Better engagement with education communities is essential at all times. FrazierHeiby asked education communications expert Adriana Martinez to help us understand more about reaching marginalized groups.
In her first post, Adriana closed with the concept of “doing no harm” in your communications and engagement. In this second post, she picks up the discussion with guidance on nurturing strategic partnerships to bridge engagement efforts.
“Education and kids don’t exist in isolation,” noted Martinez. “Kids only spend about 20% of their time in schools. Sometimes schools aren’t in the best position to reach out, especially when lack of trust in an issue. But there are others who do have that trust.”
For example, when states were working on Every Student Succeeds Act implementation, they had to partner with others, such as churches and community organizations. Sometimes it’s good to read the room and let others lead the conversations, find the right messages and channels, and see what’s resonating.
“I’ll also remind everyone to eliminate the jargon, because it can be disempowering,” said Martinez. “Everyone has a personal relationship to education because we’ve all been there, so use that as your starting point.”
“When all viewpoints are incorporated, from both internal and external stakeholders, we make sure we have the right balance,” noted Martinez. “And because we are advocates of student voice, at least 20% of all participants in our engagements should be students.”
Giving appropriate space and time for role-alike and mixed conversations across engagements is critical. Another important step is having participants engage in learning together, sharing thoughts and ideas broadly and using mixed methods in facilitation.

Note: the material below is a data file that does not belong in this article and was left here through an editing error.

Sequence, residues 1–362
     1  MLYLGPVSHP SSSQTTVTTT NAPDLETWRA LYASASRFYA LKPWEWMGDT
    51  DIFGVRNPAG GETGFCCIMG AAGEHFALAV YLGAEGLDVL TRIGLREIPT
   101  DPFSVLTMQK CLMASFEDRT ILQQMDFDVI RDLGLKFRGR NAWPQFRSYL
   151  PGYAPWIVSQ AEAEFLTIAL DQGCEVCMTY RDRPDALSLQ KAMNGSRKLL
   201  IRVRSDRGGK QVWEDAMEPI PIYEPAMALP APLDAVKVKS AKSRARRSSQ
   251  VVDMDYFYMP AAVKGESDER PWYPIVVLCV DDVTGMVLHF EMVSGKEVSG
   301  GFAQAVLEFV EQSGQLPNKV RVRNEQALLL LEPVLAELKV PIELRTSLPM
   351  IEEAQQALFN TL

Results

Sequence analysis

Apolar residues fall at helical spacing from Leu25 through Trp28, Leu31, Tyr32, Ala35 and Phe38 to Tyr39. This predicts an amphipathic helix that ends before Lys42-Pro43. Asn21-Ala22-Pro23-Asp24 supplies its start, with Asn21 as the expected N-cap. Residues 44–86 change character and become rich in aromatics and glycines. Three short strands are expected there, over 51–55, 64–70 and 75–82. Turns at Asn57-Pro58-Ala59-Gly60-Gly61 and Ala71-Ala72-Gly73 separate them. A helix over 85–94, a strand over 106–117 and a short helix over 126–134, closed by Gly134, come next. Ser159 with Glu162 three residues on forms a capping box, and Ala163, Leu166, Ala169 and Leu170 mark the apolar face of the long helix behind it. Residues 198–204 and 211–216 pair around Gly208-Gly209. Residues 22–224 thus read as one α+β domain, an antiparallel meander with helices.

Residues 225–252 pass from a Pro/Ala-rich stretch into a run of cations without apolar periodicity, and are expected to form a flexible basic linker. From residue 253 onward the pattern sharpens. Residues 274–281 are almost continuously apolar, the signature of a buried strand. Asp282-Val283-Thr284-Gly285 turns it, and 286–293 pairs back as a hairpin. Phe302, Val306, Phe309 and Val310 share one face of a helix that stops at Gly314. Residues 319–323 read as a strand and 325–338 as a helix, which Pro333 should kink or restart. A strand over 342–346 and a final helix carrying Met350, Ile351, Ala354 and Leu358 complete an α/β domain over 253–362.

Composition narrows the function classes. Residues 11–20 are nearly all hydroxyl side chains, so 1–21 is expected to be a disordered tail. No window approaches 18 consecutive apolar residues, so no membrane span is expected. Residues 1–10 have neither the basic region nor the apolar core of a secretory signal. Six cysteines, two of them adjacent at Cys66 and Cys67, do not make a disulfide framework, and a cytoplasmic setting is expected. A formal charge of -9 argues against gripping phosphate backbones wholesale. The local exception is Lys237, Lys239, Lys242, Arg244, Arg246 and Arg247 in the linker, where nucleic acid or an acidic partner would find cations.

Martinez emphasized that “we are letting go of consensus-building and moving to convergence.” This avoids group breakdown into factions when participants are in vastly different camps.
“I’ve seen a principal with an office in the hallway at the entrance to the school,” said Martinez. “Getting rid of bell schedules, or organizing schools by grade band with a more diverse group of ages together. They can learn from the same teacher over multiple years and build that stronger relationship. Remember that the age-based cohort model is organized around the industrial age, and we are far past that.”
Another concept that is becoming more accepted is mastery, the idea of measuring student learning by demonstration of skills and competencies, not testing or grades. Capstone projects, portfolios, and project-based learning are part of this approach, where students show what they’ve learned and can apply their learning to solving problems and connecting it to their interests or issues in their community. Teacher training has to change to meet the needs of the student-focused learning design process. “It’s the right approach because it drives students’ internal motivation,” Martinez observed.
“And let’s not forget about school culture,” Martinez continued. “I see examples of students rallying around bus drivers and janitors because these adults also play an important role in their lives. All roles in schools build culture. We need to think critically around internal school engagement to reinforce this. Public education is funded by taxpayer dollars, and the best form of education embraces active community engagement. Research shows lack of ownership is a big problem with buy-in to our schools. People have to see themselves in the work, whether they are working within schools or support them from the outside in.”
“Get involved in local and government, starting with school boards! And vote in local elections!” Martinez emphasized. “Local school boards, city councils, state legislators, and governors will make more of a direct impact on your student than the president or secretary of education.”
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